I was reviewing new sets of surveys of students today about technology, and I was surprised by how trends over the past few years have continued and increased.
By far, the favored use of computers is for communication, with music and games falling behind in the listings. I’m becoming to think of computers a social tools as much as individual tools. It would be interesting to plot a chart showing five years of data comparing computer use for individual creativity and production vs. collaborative creativity and production.
To simply call it networking is too limited. It is a culture and community, with certain rules, but also some boundaries that are unclear. It’s easy to see how individuals portray themselves on discussion boards, for example, trying to build reputation with meaningful input. Sometimes put-downs or flames are used, but typically that doesn’t lead to lasting gains. In the end, building reputation is a continuing goal, and self-awareness grows from that. It can create a feed-back loop of giving to receive.
There are also signs in the surveys of more awareness of computer use as a limited function, instead of endless possibilities. Some colleagues the other day were referring to iMovie as the the new PowerPoint– it has a place, but can also be overused. The wow factor of certain technologies may have a shelf-life, and in the end it appears that the students feel the chats, emails and social and academic exchanges offer the real return on their investment of time.
This came up during a discussion with colleagues today.
Given computers and nothing else, students won’t create a culture of academic technology use on their own.
Sorry. I had to say it. Adults are needed in the room to shape and focus technology use by kids. I don’t buy the idea that kids are so far ahead that they can figure out computers on their own. For evidence, check out the typical student who spends six hours a night on a computer doing homework…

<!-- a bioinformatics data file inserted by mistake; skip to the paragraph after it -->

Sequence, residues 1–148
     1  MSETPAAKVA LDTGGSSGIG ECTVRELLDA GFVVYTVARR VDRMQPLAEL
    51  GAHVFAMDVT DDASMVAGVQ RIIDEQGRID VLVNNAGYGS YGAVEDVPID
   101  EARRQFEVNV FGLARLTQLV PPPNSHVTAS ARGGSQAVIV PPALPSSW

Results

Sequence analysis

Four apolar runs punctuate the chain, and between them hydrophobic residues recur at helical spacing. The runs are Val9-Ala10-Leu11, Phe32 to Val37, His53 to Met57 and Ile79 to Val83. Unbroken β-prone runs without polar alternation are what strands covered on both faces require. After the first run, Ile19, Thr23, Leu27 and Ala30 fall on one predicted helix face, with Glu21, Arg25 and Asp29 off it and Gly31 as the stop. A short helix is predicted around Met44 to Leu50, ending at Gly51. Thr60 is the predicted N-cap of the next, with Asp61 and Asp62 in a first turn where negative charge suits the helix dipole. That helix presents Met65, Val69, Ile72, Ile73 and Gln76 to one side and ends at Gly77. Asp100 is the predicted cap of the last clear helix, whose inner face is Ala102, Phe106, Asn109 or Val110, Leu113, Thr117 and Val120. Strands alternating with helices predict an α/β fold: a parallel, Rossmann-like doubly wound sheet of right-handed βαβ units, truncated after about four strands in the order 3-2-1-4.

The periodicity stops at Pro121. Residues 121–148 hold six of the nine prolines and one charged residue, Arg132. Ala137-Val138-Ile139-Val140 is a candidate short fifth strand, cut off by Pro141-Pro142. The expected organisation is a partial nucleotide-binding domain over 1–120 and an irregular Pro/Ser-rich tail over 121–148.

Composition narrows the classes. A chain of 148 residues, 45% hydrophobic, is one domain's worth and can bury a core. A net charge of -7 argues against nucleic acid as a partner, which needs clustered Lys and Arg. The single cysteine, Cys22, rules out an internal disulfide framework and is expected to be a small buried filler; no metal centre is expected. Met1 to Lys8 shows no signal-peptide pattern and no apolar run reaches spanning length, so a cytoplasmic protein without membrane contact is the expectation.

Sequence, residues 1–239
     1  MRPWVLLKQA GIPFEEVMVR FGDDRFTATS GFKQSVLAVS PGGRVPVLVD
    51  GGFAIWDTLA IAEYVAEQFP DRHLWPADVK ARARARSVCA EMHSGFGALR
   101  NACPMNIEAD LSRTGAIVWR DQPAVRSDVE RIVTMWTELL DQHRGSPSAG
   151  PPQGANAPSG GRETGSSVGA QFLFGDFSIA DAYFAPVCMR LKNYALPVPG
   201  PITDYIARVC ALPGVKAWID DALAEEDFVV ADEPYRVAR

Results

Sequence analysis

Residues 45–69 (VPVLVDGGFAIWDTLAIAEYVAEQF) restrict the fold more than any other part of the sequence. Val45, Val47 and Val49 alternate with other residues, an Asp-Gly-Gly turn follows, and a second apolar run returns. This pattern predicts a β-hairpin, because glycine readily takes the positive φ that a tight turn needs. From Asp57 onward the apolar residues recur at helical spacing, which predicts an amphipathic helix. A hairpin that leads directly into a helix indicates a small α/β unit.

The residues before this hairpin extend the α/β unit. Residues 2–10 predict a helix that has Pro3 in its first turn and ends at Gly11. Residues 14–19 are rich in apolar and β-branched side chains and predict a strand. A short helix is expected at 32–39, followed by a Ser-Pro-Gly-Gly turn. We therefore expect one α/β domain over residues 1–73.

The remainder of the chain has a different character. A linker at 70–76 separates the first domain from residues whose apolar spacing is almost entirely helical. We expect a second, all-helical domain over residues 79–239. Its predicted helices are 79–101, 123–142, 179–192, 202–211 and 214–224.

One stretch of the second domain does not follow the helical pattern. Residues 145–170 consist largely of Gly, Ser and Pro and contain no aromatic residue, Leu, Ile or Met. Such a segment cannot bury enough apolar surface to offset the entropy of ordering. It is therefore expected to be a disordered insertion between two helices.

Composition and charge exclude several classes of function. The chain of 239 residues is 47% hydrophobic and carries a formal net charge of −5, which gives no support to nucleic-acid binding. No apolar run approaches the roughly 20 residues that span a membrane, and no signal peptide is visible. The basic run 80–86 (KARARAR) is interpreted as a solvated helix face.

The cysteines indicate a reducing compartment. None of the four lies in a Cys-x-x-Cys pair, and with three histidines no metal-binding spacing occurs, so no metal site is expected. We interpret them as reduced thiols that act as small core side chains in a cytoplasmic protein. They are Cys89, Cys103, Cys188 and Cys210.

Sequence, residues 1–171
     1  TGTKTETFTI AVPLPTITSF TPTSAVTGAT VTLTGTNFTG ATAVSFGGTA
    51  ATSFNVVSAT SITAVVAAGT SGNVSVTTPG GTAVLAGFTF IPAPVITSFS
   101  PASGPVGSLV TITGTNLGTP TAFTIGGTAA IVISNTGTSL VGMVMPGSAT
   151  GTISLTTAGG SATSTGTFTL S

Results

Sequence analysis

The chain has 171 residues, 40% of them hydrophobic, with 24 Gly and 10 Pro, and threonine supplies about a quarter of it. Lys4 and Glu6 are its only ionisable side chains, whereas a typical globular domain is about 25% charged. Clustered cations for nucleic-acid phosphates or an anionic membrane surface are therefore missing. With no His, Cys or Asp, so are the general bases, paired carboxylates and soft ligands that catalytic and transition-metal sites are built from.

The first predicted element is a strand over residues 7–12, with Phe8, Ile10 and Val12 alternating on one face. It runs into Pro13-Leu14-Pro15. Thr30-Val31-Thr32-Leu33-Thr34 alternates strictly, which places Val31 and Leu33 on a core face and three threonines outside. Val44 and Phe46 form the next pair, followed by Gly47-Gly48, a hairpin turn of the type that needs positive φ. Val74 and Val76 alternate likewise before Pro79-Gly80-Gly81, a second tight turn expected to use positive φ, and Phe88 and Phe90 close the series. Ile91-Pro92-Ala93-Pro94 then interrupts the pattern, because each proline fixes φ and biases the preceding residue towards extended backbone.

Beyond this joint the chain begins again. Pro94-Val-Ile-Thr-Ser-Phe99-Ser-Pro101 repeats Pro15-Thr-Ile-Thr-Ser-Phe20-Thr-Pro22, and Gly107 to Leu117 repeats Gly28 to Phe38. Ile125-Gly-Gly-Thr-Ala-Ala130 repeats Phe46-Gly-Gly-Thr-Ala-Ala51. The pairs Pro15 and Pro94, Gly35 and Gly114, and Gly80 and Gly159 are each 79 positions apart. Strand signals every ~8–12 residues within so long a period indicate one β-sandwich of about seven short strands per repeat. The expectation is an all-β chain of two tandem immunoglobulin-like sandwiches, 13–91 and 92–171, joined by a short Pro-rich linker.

We’ve been running Moodle on our new, two server cluster all this week. It’s the first time we’ve had it under load.
So far, so good. The performance is much, much better than before, and the performance stats on the servers indicate that they have plenty of reserve CPU and memory capacity. We are using CentOS as the Linux operating system, running without a GUI on both servers. The front end server has Moodle and the file store, and the back end server has MySQL running. Each server has eight gigs of memory, and dual quad core Xeon CPUs.
You can visit the system at
We had some initial problems with the cut over. The most significant was the following– we copied over a full copy of the database and the filestore for testing. During that time, our consultants installed and configured Moddle to use the Eaccelerator, a PHP accellerator. When we did the full and real cutover, the final and most recent copy of the database and file store from our overwhelmed Windows server came over, but it was not configured to use Eaccellerator. This caused a conflict for about half of our users (those with more than ten courses), and kept them from logging in. The knock-on effect was that some were un-enrolled from classes.
Once getting the configuration changed, and the students re-enrolled, we could finally start enjoying some of the performance benefits. For the first time ever, we could actually turn on stats and other features.
We are currently considering a third Linux server, simply to sit as a mirror of both the database and the Moodle installation, to serve as a fall-back system should either servers in the cluster fail.